Prof’s expertise gives new life

Brett Atwood, clinical professor of journalism, knew he was in an alternate universe when he showed up to interview for a consulting job last spring and got teleported to an undisclosed and secure location.

Well, he didn’t get teleported; his avatar, or online persona, in Second Life, an online 3-D digital world with 9 million registered users and counting, got teleported.

Appropriately dressed in a business suit and tie that Atwood had purchased in Second Life for the occasion, his avatar swooshed through cyberspace and joined three or four Second Life executives in a digitally created conference room for a fairly typical job interview lasting an hour and a half.

In the past, residents of Second Life communicated with text messages, but this spring the company rolled out the beta form of voice communication, so Atwood’s interview was much like being on speaker phone, but with avatars sitting across from each other. Though users can use keystrokes to make their avatars move, (F8 for laugh, F2 for clap, F9 for dance) Atwood said once everyone got seated they pretty much just talked.

75 universities and counting
The weirdness of it all isn’t lost on Atwood, but neither is the potential.

“It requires somebody to take a leap of faith,” he said. “It’s easily mocked. I get that.” But, he said, having an online avatar does change the dynamic. It does create a more complete social connection than just text messaging or just voice.

While Second Life debuted in 2003 as primarily a 3-D social networking community, it has evolved into much more, with its own in-world economy and currency that has created at least one real-world millionaire. Another burgeoning area is education, with more than 75 colleges and universities — including WSU — setting up virtual campuses for distance learning, recruitment and global collaborations.

In any case, the interview must have gone well because Atwood got the job as a managing editor at Linden Lab, Second Life’s parent company, and spent about two months this summer working in San Francisco — physically, not virtually.

Learn more Nov. 8
Drawing on his experience as new media editor for Billboard, as well as designing and managing websites for, and, the website for the Stockton Record newspaper in California, Atwood used various website metrics, including Google Analytics and CrazyEgg, to “crunch the numbers” and analyze click-through patterns to determine how people were using the website. He then coordinated a complete overhaul of both the website design and content to better “evangelize” the technology and make it more accessible to a wider audience.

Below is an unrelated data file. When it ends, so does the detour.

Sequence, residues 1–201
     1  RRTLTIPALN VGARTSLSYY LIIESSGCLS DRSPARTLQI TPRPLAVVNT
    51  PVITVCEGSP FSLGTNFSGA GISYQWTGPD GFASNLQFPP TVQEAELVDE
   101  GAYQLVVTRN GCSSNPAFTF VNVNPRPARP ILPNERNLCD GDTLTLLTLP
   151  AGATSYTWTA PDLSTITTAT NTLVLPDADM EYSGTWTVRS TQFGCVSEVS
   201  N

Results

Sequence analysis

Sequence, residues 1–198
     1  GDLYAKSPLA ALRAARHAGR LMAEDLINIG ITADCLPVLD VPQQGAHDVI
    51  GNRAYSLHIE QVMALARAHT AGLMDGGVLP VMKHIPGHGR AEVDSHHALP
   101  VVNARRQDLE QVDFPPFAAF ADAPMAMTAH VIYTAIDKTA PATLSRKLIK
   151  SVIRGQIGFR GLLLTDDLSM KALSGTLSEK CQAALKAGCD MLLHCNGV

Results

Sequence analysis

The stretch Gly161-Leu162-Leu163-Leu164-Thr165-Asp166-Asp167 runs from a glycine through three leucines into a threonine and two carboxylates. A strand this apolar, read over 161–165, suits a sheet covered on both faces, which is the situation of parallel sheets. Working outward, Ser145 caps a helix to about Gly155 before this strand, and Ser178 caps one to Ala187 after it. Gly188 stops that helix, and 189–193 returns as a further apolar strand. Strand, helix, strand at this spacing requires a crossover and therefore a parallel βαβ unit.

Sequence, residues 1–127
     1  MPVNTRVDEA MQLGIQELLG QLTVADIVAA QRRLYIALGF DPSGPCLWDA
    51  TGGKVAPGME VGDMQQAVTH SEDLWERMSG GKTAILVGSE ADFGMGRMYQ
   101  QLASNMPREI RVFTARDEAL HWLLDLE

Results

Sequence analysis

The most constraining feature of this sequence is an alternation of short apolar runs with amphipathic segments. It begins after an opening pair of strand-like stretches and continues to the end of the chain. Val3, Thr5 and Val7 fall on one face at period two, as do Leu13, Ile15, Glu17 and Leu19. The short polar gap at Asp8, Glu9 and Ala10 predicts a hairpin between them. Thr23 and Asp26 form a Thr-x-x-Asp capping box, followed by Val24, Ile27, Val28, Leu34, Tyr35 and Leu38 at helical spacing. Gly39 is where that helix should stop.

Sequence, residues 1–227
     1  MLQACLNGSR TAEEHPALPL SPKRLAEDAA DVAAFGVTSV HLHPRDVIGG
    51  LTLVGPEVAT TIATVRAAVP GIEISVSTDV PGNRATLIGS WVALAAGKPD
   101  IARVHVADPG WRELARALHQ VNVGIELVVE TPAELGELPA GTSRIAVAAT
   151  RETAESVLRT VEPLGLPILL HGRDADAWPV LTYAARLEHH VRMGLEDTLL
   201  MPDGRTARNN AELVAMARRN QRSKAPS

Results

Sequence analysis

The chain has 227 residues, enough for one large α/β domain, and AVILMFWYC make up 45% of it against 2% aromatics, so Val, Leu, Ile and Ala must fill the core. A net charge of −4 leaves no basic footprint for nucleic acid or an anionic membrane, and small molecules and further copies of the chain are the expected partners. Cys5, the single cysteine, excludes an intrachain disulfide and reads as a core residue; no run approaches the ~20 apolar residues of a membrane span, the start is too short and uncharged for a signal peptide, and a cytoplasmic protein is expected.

Atwood, who teaches courses in new technology in the Edward R. Murrow School of Communication, said he had an academic interest in Second Life prior to working there, but has come away with a heightened sense of the possibilities.

As part of the Center for Teaching, Learning and Technology’s brown bag series, Using Vision to Think, Atwood will be discussing Second Life 12:10-12:50 p.m. Thursday, Nov. 8, in CUE 512.
Virtual interview, real anxiety
You would think that interviewing for a job by sending your avatar into an online 3-D digital world would eliminate some worries. After all, avatars can’t have bad hair days.
But, when Brett Atwood, clinical assistant professor of communication, sent his avatar hurtling through cyberspace for an interview with executives at Second Life, the online digital world with 9 million registered users, he was a little shocked when he arrived at the meeting space.
“My hair didn’t res, so I arrived bald,” he said, laughing. But, he said, at least his pants survived the journey.
In fact, they were nice pants, purchased in-world. Atwood’s avatar was wearing a snappy looking suit and tie when he arrived, and Atwood had planned to use a special handshake animation during the introductions.
But, in the end, he just said hello and sat down.
“I chickened out,” he said. “I didn’t use it.
The online logistics of such a maneuver are tricky, he said, especially if you haven’t been able to practice. With sloppy keystrokes, a handshake could easily be mistaken for a spastic gesture, or worse, a wallop upside the head.
Not exactly how you want to start an interview, even if your hair looks perfect.